Case study: Sources of International Law– Applicability of successive treaties on the same matter – Unilateral Acts ofStates: UK’s Accountability for Economic Obligationsemergent from Brexit to the European Union (EU) IntroductionAmongsteach and every sensitive matter in the constant discussions amongst the EU andthe UK, the authorization of the outstanding British economic obligation owingto the EU (which is commonly cited as being Britain’s “divorce bill”) isimmensely constitutionally challenging. Regrettably, in respect to the providedprovisions of the European Commission (EC) discoursing group’s directive, itsimilarly must be approved prior to discussions that can advance on anyextensive issues. The directive specifies the “divorce bill” is amongst threematters, along with the other two matters being a strategy in relation to theIrish frontier, and the queries of joint residency rights, that entail adequatedevelopment so as to progress to discoursing the change and the enduring futureassociation.
This directive is provided to the assembly of the Commission bythe European Council of state leaders and the EU-27’s administration. As itgradually became visible from a negotiation between an effective team ofmembers owning an extensive variety of sentiments and outlooks, what may at aninitial view seem to be a limited and practical legal issue swiftly exposesitself as being related to wider political, monetary, and social questions. Thisessay is comprehensively ordered amongst the given three subjects (political,financial, and legal) and attempts to bond the themes together that are broughtinto the communication, and analyze some of those themes further. Provisionsof Legality and Matters Beyond the Background of the EUThe legitimate stance of the UK’seconomic obligations is a combination of global legal regulations and termsprovided in the European agreements, and is subject to the lawful consequencesof diverse Brexit circumstances. In relation to international law, the ViennaConvention on the Law of Treaties (VCLT) emerges into the spotlight, throughwhich Article 70 specifies the outcomes of a treaty’s termination.
Nevertheless,though majority of the European Union’s affiliated nations are a participant ofthe Convention, there are not any examples in Europe in relation to theimplementation of Article 70. There are further uncertainties regarding whetherEU’s affiliated nations could undertake any alternative to the provision forthe benefit of the EU in its entirety (all elements considered, that is adistinct legal element). Article 70 itself indicates these results do notbecome an integral factor if the treaty generally delivers, or the membersgenerally approve, which appears to raise the EU’s individual provisionsregarding the association’s termination; for example, the Treaty on EuropeanUnion’s (TEU) intermittently-cited Article 50. Nonetheless, whereas Article 50could permit for resigning from the VCLT’s technical directions regarding atreaty’s termination, it does not essentially allow for the opposing members toresign from all diverse terms provided by the Convention, which is alsoinclusive of Article 70’s further sections (Waibel, 2017 : pp. 2-5). TheConvention can therefore not be absent from the platform altogether.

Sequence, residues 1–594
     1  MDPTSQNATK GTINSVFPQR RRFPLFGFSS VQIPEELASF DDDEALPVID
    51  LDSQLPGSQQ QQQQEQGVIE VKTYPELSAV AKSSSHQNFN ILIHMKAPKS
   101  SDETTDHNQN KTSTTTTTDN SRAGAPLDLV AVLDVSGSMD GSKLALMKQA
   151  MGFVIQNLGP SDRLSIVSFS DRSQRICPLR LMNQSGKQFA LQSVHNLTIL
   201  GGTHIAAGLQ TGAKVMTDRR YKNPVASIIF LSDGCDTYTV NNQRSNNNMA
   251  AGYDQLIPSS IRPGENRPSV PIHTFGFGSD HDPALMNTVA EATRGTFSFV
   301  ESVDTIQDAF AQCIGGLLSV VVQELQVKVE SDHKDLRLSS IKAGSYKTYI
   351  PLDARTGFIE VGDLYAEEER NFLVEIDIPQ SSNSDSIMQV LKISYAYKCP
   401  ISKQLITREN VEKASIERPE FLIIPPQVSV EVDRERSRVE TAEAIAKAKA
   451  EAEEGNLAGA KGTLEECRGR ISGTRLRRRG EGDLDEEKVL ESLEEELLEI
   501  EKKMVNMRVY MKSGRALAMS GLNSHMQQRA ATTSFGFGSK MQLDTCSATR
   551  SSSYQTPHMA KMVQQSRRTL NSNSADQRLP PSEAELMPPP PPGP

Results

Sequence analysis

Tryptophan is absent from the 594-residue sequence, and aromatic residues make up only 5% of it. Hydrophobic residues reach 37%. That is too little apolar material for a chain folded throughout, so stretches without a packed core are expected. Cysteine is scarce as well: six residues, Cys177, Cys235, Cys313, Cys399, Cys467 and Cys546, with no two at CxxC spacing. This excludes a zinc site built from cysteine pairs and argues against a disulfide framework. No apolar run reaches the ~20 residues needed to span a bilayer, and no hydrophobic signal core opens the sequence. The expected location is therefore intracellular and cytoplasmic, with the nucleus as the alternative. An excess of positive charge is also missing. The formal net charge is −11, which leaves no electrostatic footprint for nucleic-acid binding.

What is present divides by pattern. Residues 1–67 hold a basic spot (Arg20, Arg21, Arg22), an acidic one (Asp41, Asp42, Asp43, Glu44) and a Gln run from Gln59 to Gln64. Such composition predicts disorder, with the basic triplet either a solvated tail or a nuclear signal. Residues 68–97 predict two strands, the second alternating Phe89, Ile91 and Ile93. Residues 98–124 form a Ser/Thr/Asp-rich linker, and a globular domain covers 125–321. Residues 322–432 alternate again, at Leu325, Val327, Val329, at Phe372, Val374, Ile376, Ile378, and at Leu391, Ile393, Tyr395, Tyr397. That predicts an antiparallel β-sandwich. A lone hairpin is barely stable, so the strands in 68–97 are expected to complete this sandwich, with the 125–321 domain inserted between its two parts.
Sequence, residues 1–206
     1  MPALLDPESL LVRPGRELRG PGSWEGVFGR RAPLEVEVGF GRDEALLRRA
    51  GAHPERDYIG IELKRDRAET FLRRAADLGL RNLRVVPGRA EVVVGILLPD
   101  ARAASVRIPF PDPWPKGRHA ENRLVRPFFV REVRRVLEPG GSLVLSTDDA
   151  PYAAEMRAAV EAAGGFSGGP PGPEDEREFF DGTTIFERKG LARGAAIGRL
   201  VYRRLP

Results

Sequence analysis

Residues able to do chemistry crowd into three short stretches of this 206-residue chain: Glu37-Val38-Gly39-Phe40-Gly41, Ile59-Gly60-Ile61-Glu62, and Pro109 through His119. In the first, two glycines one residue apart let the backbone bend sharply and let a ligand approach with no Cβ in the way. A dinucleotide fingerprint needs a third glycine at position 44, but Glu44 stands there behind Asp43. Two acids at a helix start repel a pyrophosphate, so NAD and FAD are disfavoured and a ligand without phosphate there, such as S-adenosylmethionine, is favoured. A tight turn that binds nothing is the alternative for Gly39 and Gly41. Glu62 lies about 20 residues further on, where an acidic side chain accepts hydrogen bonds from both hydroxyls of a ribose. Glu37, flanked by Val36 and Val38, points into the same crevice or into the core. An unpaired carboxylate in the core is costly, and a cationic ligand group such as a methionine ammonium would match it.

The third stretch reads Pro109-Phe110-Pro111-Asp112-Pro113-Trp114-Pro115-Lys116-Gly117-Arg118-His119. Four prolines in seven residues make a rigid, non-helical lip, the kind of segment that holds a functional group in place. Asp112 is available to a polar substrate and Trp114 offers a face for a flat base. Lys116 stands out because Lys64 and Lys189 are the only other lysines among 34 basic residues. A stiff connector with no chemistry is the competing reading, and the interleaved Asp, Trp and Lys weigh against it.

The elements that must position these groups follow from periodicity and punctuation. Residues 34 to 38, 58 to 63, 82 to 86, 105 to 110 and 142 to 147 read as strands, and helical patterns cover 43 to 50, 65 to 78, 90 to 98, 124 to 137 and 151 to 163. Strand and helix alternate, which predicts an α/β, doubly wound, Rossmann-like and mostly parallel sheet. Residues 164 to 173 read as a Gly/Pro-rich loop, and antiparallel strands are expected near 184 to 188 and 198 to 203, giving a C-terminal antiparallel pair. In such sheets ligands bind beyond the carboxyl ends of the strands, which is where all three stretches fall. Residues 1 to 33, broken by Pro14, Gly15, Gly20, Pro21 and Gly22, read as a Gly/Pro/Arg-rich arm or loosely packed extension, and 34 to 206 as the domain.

Article 50, past this, comprises ofno straightforward citation to any privilege, liability, or legal context ofthe member states incorporated (in distinction to the VCLT) – not to mentionthat it makes particular reference of economic liabilities, that might beaccepted to infer that there is not any UK’s specific liability to make animbursement. Though, the so-called ‘villain’ could be present in theinformative detail, to such an extent seems to rely upon the variouscircumstances beneath that Brexit could possibly implement, most crucially thesubject of whether an agreement is possible to be achieved or not. Any possibleno-agreement situation; for example, whichever contracting party is unable tomutually concur on legal separation, political evolution, and any imminentpartnership by Friday, March 29th, 2019, or else Britain exitingfrom diplomatic communications prior to that day of 2019 would conclusively notinvolve a single bill to be made an imbursement. Article 50 basically consistsof no provisional terms for this situation. Comparatively, both the possibleforms of a Brexit treaty – for example, one Article 50 agreement equipped withor deprived of legal-political progress – allow space for diplomaticnegotiations. Specifically, the most imperative article’s clause 2 stipulatesthat “… the Union shall negotiate and conclude an agreement with thatState, setting out the arrangements for its withdrawal”, that mayconceivably be construed as being officially corresponding to the specificationof a privilege, accountability, or legal scenario, therefore similarlydemarcating possible economic liabilities to be respectfully fulfilled byBritain. Evidentlyif Britain merely declined to make an imbursement, whatsoever legalaccountability it may possess, there is not a single instrument forauthorization, especially when the Court of Justice of the European Union’s(CJEU) authority above Britain arrives to a conclusion.
According to Begg(2017a), On an alternate stage, nonetheless, the matter of ‘respectfullyfulfilling own’s obligations’ is vital for signifying decent trust – both inregards of escaping an ‘intimidating Brexit’ and in discussing with potentialopposing member parties; for example, with respects to potential finance andtrade contracts. This drives one’s distinct perception into the territory oflegal-political policymaking and global diplomatic negotiations.